Putting something off may reflect that we don’t think it’s important. But it also could reflect that we think it is important and want to wait until we can focus on it fully. That’s something that happens with perfectionists a lot. They put off the things they care about most, not least.

    So it’s a little more complicated of an issue. But of course looking at how your use of time aligns with your values is an important issue.

  2. I’d written along a similar line on my blog, and think about this quite a bit – the text says it so well Daniel!

    I’m not sure I’d agree with all 50 things :-) but we’re all different and that’s the beauty of it!

    Definitely bothering to reply to emails – even if a brief note – is one big way to make me feel appreciated!

    Great post!

  3. Thank you, Finola. I appreciate your kind words!

  4. Loved the post. Realized that I already do some of them, but I miss out on a lot more. Gonna print it out and keep it in a handy place.

    Thank you :)

  5. Tasbiah

    Hi Daniel,

    This is a great piece about how we value human relationships. I also believe that the way treat other people in our lives and the level of value we attribute to them can be a reflection of how we value ourselves. I believe that if we truly value ourselves then we will manifest that in how we treat people and make them matter too.

  6. Dan: this is a powerful post! I had to write some notes down as I was reading, but people always ask me if I just woke up and many times it gets on my nerves. Also, most of the time I was already awake, but had not been to sleep in a while so that is why my eyes are low. I really could connect with point six.
    One thing that I cannot do is multi-task. When I am on the phone if at all possible, I stop everything else that I am doing because people can easily tell when I am multi-tasking.
    I really liked this post. Keep up the awesome job Dan!

    Best Wishes,
    William Veasley

  7. Hey Steven, those are some golden thoughts on what it could mean when you put something off! Thank you for sharing your insights.

  8. Alaeddin, I appreciate your comment! I hope you do find the list handy. :)

  9. Hey William, I’m glad you enjoyed the post. Point #6 is a tough one for me too, because it seems so natural to make a comment if someone looks tired!

  10. Aloha Daniel,

    I loved your awareness about not having time. It is so easy to use that excuse and not set our priorities clearly. Your list is great – a real keeper …. and a wonderful reminder.

    Thanks for the great post,

  11. Relationships ARE life.

    Your blog post hit the nail on the head! Doing small things for others does great things for you….

    Thanks for the great reminder…. I’m going to sms my husband right now!

  12. Great article. Lets me see that there is so much more than I could be doing for those that I love :-)

  13. These are good ways to make others feel special in a time of need, but I caution the dependency of others. If we constantly depend on others to make us feel special, what does that say about us? That we first seek the approval of others before approving of ourselves? That we expect others to solve/fix our problems? How does that help us grow?

    On the flip side, sometimes, you need to put things off so you can gather your thoughts about a situation a person’s facing. If you ‘jump in,’ you may not end up comforting the person. You may end up hurting them, unintentionally, of course.

    There’s nothing wrong with a quick ‘Thinking of You’ email or card. A text message with a smiley face at the end of it works too. But allow a person to figure things out for themselves; otherwise, they’ll forever depend on others to ‘fix’ their problems.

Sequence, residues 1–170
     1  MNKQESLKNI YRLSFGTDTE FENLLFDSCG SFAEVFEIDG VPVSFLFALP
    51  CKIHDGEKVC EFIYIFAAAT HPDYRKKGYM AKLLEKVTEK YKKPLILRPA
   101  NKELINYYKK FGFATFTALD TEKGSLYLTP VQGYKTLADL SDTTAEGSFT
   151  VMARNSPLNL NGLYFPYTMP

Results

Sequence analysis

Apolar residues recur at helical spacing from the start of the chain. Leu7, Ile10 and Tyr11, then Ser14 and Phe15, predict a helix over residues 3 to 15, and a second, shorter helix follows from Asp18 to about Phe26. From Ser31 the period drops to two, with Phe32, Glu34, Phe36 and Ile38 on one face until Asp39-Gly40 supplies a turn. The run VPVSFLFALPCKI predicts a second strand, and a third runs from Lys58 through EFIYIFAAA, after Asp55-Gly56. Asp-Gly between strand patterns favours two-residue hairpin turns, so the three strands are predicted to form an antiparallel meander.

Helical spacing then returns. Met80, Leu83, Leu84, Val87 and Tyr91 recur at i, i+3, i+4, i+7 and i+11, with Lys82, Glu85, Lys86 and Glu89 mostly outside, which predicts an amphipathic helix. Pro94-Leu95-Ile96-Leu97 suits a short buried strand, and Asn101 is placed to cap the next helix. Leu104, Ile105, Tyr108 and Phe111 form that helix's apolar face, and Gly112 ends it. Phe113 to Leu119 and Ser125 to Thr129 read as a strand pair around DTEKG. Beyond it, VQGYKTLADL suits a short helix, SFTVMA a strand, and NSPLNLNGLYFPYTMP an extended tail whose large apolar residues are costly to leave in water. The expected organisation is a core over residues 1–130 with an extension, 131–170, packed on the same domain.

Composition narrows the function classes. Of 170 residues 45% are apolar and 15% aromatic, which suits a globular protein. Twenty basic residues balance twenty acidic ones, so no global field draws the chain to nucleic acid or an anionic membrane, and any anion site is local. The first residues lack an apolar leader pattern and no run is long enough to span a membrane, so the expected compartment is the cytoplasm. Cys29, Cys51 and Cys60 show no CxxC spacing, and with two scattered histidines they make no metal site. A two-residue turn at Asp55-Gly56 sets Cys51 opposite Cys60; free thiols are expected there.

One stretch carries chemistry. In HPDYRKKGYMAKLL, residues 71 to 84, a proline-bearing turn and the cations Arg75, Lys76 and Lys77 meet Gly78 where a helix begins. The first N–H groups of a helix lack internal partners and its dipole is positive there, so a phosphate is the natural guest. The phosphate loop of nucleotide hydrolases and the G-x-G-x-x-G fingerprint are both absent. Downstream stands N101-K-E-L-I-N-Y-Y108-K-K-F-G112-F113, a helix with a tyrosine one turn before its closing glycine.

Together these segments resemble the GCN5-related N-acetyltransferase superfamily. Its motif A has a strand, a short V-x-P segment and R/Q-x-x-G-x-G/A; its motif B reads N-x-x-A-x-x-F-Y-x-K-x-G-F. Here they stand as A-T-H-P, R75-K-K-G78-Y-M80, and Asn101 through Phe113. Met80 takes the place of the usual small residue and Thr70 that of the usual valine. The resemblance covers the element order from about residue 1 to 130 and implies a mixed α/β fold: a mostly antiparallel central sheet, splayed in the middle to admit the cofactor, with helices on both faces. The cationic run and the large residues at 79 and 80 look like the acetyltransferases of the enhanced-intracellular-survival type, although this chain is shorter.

14. Susan, thanks for your encouragement!

  15. Kirsten, I’m so glad that my post could remind you to send an SMS to your husband! :)

  16. Kelly, I appreciate your kind comment!

  17. Amandah, those are great thoughts that you shared. I completely agree with you that we shouldn’t be overly dependent on others, and even when we want to make others feel special, we need to know– within ourselves– that we are special ourselves.

  18. Sharon

    Hi Daniel
    I think the reasons we don’t do those things is because we don’t care enough to begin with. Sometimes we are afraid of caring, sometimes it is just plain ignorant, sometimes we just can’t because there is a limit how much we can care based on the relationship we are in. But I guess you highlighted some basic courtesy of being kind and considerate that most people tend to take for granted, especially for the married couples. We are experts at being present but not really there. Also just being aware of the other’s need for space and language of love speaks volume. This post reminded of my best friend and I and the sort of friendship we enjoyed at making each other feel special.

  19. I am going to try some of these on my wife. Thanks!

  20. Annie

    If someone admits to not knowing something that might be considered common knowledge in some circles, I just go with it. No one can know everything, and everyone deserves to be able to admit to that once in a while.

  21. Tasbiah, what great wisdom you shared! Thank you.

  22. Sharon, thank you for sharing. I agree with you that the whole caring thing is at the heart of it! It’s awesome to hear about the special friendship you have too. :)

  23. Keith, I hope your wife responds well and feels very special!

  24. Annie, that’s deep. Thanks for sharing!

  25. your points are great and helpful to some extent but human beings are very much different. your ideas may work perfectly for some people while it may not work for some others. and also think that your points will work better for ladies. I mean, if someone shows these kinds of attitudes to ladies, it will work better for them than guys in general. but seriously speaking, your ideas are very nice and I have learn some few stuffs here.